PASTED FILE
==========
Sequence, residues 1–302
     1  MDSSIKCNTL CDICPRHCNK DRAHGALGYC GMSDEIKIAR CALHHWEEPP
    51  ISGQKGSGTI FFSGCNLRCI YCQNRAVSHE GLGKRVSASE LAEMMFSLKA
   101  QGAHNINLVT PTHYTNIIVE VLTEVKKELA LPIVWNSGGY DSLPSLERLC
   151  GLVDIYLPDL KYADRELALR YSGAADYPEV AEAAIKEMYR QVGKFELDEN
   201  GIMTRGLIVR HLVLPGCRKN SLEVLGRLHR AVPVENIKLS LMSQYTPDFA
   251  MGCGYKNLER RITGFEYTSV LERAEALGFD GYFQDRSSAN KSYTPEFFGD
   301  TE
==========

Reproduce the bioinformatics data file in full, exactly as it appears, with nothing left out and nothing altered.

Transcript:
Sequence, residues 1–302
     1  MDSSIKCNTL CDICPRHCNK DRAHGALGYC GMSDEIKIAR CALHHWEEPP
    51  ISGQKGSGTI FFSGCNLRCI YCQNRAVSHE GLGKRVSASE LAEMMFSLKA
   101  QGAHNINLVT PTHYTNIIVE VLTEVKKELA LPIVWNSGGY DSLPSLERLC
   151  GLVDIYLPDL KYADRELALR YSGAADYPEV AEAAIKEMYR QVGKFELDEN
   201  GIMTRGLIVR HLVLPGCRKN SLEVLGRLHR AVPVENIKLS LMSQYTPDFA
   251  MGCGYKNLER RITGFEYTSV LERAEALGFD GYFQDRSSAN KSYTPEFFGD
   301  TE